Start here if you're looking for ideas. Everyone likes some fun activities that are educational too. NACC has listed some suggestions to spur your indigenous educational creativity!
NACC has assembled these online resources for teachers and students in a variety of levels, from grade school to high school. The focus is the local First Nations people of the San Francisco Bay Area. Some sites have links to additional materials available online.
The Bay Area has some fascinating native plant life. Learn how many of these plants were used for healing and medicine from educator Andrew Brother Elk. You may want to cultivate a few of these wonderful plants in your school garden or at home.
Celebrate spring with NACC's "Native Spring Festival" through June. Many activities are appropriate for school children. Links to other Bay Area events as well.
Dancers the world over are in the debt to this wonderful, beautiful, and hard working American Indian ballet dancer, America's first prima ballerina. Learn more.
In 2004 the Grammy Awards, CBS, and Outkast broadcast a racist dance number and NACC launched a successful nationwide boycott. Find out what happened, why stereotypes are bad, and what you can do to combat them.
These colorful maps show tribal areas, names, and language families for the area we now call California. Included are frequently asked questions and answers for students and teachers. A variety of classroom activities are suggested for use with the maps.
Go right to some lesson plans you can modify to suit your class, or download as is. We encourage you to try to modify plans to represent California Indian cultures.
NACC has started a new program centered around the oldest art form known to humans. To see some stunning photos and read about California Indian dance, click on the link.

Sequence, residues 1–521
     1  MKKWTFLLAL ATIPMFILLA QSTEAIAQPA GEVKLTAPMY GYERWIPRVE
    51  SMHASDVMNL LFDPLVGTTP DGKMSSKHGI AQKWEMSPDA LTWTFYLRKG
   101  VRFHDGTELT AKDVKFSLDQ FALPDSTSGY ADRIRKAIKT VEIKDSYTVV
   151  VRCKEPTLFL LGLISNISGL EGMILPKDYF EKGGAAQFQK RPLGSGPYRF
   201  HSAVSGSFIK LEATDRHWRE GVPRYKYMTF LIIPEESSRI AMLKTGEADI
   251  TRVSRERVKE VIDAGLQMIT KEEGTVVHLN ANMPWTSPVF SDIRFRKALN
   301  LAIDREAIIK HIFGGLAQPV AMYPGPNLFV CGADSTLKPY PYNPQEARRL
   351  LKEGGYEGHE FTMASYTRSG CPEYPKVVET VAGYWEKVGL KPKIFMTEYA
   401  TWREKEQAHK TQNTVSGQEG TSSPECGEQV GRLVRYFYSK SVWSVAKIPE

NACC poses some study questions and examines a Graton Rancheria project as a case study about California Indian sovereignty, history, and culture.
This 2002 survey of California's First Nations people offers a revealing snapshot of current cultural issues for the tribes. It includes a narrative summary as well as the research data. This is useful for higher level classes and teachers seeking more in-depth information.
Author Dick Baugh speaks wise words from experience. Click here to read an educator's guide: 'What to Teach Kids and Why.' This helps frame education on American Indian issues in a broader context of skills we all need to live happily.
Click here to see a list of ten great books, and to read read two powerful short stories by noted author Gerald Haslam from his award winning collection That Constant Coyote: California Stories.
The online galleries of this website contain interesting and beautiful aspects of First Nations cultures, some of which will be unfamiliar to students and teachers. NACC invites to you visit the galleries and create your own questions based on what you see.
This site has a wealth of useful information on fire making, California Indian tools, classes, books, instructors-- an excellent resource in the Bay Area.
KQED offers lesson plans for teachers based on media. This one is for Grades 9-12 and based on "The Return of Navajo Boy."